If you are new to growing your own food, you’ll learn quickly how important it is to have a clear journey around your veg patch.

It’s useful to be able to push a wheelbarrow around easily and for that, your paths need to be 1 – 1.2 metres wide (3-4ft).

You’ll need a utility area to store your tools. I’d recommend having some kind of composting system too. If you’ll be adding kitchen peelings to your compost bin – an all-weather path will be invaluable.

And don’t forget to fit in a little seating area where you can enjoy a cuppa as you admire your work.

For ease of maintenance, aim to make your growing beds no more than 1.2 metres wide – that way you can reach into the centre of them without treading on the soil. There’s no need to stick with square or rectangular growing beds. They are simpler to build but if you want circles, triangles or random shapes go for it – the plants won’t mind!

Design attractive paths and growing areas

Once you have settled on a layout plan for your allotment plot, it’s time to style your vegetable garden with attractive paths and growing areas.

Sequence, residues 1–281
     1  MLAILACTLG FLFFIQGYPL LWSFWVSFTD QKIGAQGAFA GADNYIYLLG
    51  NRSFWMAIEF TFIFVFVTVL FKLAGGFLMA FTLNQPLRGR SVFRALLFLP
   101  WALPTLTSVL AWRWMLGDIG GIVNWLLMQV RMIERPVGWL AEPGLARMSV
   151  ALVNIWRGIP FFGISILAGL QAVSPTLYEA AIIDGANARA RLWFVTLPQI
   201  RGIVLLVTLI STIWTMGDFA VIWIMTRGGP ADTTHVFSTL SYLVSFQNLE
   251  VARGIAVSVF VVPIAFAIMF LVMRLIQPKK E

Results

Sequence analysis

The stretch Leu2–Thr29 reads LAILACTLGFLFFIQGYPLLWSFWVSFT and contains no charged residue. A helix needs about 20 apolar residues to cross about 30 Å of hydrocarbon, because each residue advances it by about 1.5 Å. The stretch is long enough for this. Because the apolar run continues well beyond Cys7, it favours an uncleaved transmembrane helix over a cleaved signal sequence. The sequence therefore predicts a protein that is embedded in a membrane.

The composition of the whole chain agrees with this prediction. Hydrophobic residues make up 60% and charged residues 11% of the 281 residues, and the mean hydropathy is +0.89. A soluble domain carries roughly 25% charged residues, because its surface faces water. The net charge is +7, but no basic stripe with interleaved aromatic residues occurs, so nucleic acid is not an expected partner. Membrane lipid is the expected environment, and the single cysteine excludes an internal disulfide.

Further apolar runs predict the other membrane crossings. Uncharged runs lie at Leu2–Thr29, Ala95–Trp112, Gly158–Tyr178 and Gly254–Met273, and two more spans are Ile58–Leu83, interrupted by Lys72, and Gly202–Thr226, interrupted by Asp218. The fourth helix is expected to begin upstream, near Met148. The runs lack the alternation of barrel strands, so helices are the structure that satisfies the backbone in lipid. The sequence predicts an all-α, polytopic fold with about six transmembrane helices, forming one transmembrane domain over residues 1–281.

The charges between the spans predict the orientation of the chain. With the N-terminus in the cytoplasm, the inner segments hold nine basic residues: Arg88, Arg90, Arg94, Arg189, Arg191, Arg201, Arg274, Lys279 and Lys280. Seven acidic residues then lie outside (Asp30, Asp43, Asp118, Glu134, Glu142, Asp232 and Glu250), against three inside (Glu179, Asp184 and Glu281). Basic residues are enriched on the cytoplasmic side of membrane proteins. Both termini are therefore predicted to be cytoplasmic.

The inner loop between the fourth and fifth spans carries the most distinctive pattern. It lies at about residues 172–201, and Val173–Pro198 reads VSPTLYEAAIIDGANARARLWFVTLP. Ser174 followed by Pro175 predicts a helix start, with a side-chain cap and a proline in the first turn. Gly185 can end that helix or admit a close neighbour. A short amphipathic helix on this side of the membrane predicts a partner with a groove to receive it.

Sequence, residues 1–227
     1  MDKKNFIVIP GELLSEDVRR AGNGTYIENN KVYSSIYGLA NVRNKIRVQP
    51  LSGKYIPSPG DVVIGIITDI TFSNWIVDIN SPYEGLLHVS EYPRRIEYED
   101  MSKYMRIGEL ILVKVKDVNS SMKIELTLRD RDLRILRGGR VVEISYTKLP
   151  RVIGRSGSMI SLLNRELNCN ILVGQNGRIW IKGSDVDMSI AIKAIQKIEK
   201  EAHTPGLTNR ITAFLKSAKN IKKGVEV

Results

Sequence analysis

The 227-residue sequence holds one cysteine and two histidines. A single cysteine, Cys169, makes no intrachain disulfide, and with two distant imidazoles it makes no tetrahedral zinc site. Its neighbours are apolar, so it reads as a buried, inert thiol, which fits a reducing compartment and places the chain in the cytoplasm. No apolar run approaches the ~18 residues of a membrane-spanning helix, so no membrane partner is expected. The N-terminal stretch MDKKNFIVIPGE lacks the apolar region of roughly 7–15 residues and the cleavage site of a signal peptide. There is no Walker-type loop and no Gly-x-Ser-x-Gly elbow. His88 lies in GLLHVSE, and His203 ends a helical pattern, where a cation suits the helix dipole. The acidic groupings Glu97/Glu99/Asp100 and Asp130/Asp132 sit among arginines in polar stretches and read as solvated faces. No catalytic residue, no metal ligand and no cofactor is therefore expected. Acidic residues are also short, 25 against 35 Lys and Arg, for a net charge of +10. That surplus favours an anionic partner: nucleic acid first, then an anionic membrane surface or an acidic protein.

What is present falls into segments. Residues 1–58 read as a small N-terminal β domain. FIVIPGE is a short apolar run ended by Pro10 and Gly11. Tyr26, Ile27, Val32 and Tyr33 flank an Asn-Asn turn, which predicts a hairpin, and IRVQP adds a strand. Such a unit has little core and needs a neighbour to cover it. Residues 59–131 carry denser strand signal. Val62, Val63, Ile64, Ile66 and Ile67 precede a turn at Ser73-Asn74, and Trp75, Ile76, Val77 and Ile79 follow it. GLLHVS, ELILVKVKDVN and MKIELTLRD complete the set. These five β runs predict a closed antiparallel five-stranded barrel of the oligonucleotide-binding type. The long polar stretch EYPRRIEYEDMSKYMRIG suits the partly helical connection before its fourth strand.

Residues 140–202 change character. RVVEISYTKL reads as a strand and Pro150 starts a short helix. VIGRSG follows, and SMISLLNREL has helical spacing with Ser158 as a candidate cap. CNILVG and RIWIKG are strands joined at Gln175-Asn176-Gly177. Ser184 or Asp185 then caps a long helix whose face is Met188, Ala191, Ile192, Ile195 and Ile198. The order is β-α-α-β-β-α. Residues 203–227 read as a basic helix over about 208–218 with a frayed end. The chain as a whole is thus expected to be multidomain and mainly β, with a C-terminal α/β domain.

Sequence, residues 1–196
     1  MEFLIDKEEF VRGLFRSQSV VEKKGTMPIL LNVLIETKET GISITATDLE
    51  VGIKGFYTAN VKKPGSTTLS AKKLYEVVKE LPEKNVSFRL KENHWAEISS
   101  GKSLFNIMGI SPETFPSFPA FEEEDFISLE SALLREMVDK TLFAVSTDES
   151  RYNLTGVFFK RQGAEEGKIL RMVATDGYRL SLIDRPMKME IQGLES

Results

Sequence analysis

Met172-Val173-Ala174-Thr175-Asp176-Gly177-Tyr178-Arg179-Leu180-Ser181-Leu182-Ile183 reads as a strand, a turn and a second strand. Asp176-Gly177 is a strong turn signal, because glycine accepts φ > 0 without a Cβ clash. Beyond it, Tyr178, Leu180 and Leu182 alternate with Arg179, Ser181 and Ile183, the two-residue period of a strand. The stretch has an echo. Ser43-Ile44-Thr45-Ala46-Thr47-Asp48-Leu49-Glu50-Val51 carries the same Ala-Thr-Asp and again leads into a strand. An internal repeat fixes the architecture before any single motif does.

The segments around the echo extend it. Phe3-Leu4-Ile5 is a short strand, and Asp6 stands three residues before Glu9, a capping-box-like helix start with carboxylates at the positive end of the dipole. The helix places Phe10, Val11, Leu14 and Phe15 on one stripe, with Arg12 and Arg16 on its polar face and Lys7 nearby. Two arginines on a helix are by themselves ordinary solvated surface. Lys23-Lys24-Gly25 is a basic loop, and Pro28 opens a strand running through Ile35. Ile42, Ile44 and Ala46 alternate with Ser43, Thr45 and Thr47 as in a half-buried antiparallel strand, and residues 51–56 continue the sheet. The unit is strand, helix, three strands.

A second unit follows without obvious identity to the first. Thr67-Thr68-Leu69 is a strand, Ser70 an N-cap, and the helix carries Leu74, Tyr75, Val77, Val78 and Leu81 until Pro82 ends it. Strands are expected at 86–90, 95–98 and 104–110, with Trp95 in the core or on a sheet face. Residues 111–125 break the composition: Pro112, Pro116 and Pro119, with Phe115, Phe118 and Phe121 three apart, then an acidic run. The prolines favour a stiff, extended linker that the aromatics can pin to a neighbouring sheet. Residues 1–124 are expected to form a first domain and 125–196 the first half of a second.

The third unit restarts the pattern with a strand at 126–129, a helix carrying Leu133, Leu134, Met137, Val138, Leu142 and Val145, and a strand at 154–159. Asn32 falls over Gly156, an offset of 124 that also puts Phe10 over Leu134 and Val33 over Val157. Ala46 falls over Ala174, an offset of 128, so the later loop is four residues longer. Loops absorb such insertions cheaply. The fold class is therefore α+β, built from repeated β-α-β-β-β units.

Which materials will you use?  A grass path looks great but it will need mowing and edging. It may also get muddy in wet weather. Soil stablilisation grids – the ones used for overflow car parks can help avoid this. They’re great for gravel paths too.

Stone paths allow all year round access and are easily swept if soil or garden debris gets on to them.  A combination of stone slabs with gravel or grass looks amazing. Or how about traditional brick paving? It’s stylish and practical.

garden path

Decorative features make paths far more interesting and stylish. In this front garden in Colchester, we combined limestone pavers with red brick.
You could make your garden even greener by using reclaimed landscaping materials.

Permanent planting

Permaculture is all about growing perennial plants that keep cropping year after year. Most vegetable gardens have an element of permaculture. For example, you might want to plant fruit trees, strawberry plants, currant bushes or raspberry canes.

Think very carefully about where you’ll position them. Consider their eventual size, whether they will cast shade or take up a lot of space with their roots. Think too about the aesthetics – in gardens, style and symmetry go hand in hand. So how will you balance the overall look of the garden?  It helps to have a garden design plan drawn – ideally in 3D.  That way you style your vegetable garden before you start planting.